The future of how Californians register to vote, and if they vote, will be in the hands of the next Secretary of State. Debra Bowen, the current Secretary of State, ends her term following next November’s election. Meanwhile, five candidates have entered the race to replace her. One of which is Derek Cressman, former Vice President of State Operations for Common Cause, answered some questions on the future of the office.
In a crowded Democratic field, Cressman is up against State Senators Alex Padilla (D-Pacoima) and Leland Yee (D-San Francisco). Pete Peterson, the executive director of Public Engagement and Civic Leadership at Pepperdine University, is the sole Republican in the race.
The CA State Auditor released a report last week, requested by Sen. Padilla, wherein $26 million in federally appropriated (HAVA) funds went to waste over the last decade.
A primary issue facing the SOS lies in California’s CalVoter registration system. Multiple roadblocks have prevented the state from modernizing its voting systems capabilities, Cressman says he has the solution.
“We have a temporary solution that compiles 58 county databases but doesn’t function as a true statewide database could and should. Implementing a new VoteCal program must be a priority for the next Secretary… We need VoteCal in order to fully implement policies that have already been passed by the legislature such as Same Day Voter Registration and pre-registration of High School students.”
Apart from VoteCal, Cressman charted a course for improved voter engagement and education, which dropped nearly 30 percent from 2008 to 2012.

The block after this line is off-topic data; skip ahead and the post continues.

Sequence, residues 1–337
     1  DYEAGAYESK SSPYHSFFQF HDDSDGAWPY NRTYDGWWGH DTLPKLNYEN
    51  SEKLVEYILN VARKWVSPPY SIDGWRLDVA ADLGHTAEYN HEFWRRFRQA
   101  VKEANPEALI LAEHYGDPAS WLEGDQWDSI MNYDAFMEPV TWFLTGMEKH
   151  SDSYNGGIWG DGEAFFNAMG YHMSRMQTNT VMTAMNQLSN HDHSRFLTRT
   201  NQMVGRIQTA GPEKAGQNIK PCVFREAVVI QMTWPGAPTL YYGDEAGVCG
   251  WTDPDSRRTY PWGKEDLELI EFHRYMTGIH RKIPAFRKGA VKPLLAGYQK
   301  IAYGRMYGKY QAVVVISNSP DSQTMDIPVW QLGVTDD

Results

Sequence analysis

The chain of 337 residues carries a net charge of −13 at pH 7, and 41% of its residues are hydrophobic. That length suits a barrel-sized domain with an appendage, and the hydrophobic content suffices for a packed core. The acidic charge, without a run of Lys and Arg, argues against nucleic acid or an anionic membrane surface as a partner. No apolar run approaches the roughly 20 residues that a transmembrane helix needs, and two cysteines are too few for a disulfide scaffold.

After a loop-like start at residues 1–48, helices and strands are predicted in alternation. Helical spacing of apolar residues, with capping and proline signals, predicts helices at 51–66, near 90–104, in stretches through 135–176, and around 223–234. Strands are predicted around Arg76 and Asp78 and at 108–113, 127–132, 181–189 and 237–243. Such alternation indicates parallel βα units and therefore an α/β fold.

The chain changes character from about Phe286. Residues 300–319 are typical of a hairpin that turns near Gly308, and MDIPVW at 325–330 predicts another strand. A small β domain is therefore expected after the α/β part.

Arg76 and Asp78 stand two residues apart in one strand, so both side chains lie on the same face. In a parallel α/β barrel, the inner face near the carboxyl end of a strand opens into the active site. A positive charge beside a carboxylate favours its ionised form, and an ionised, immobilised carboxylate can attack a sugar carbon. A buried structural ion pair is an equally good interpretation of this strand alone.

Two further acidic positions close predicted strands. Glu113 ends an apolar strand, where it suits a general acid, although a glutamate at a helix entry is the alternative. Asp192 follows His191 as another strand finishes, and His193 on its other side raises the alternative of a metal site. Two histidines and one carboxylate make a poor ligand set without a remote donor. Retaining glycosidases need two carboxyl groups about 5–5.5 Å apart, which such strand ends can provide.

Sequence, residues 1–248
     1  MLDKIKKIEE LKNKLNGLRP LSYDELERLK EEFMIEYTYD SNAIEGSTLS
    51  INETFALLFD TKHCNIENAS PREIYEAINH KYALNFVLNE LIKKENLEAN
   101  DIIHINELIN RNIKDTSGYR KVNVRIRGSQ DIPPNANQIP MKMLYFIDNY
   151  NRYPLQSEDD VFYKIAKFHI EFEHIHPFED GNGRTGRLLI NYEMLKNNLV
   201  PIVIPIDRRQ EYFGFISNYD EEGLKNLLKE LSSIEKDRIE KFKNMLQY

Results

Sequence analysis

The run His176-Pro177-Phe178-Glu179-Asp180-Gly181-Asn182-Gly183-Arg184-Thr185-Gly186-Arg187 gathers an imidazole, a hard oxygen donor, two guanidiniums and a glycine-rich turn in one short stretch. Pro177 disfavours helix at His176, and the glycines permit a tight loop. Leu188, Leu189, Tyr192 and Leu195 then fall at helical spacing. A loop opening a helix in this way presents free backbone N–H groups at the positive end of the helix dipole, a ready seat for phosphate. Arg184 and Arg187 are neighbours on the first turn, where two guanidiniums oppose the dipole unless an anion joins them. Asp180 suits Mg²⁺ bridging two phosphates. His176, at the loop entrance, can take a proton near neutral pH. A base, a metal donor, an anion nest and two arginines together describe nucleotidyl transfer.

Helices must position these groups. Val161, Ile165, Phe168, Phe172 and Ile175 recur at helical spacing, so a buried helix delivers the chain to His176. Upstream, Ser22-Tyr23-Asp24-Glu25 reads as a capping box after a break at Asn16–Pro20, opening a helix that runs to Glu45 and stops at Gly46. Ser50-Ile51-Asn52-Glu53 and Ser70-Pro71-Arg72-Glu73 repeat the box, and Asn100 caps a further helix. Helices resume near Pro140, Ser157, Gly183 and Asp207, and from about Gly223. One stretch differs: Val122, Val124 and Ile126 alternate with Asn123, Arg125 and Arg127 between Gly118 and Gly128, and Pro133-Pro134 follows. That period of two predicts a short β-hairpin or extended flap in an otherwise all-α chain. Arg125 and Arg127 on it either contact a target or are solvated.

“In surveys, many non-voters say they lack the information they need to cast smart votes. California should upgrade its newsprint Voters Guide to a digital format that includes candidate videos, debate footage, and campaign finance analysis to provide voters with a one-stop website and smartphone app to learn about candidates and ballot measures.”
One topic that has gotten little traction in the media is online voting. Cressman was skeptical of the short-term applications, “It’s irresponsible to promise that on-line voting will be implemented under the next Secretary’s four year term.” He added, “While research should continue, there remain serious challenges about security, denial of service attacks, universal broadband access, and the ability to conduct audits and recounts.”
California’s voting infrastructure has made some progress since $380 million was allocated to the state following the 2000 election. Yet today’s infrastructure remains unreliable.
California needs to prioritize technology projects like VoteCal, upgrading our on-line campaign finance disclosure system which crashed for three weeks in 2010, and implementing an automated business registration system before we move to on-line voting.
One hundred and thirty one million dollars remain in unused HAVA funds but it is possible that additional support will be necessary to renovate aging systems and streamline regulations. VoteCal is slated to cost an additional $98.2 million.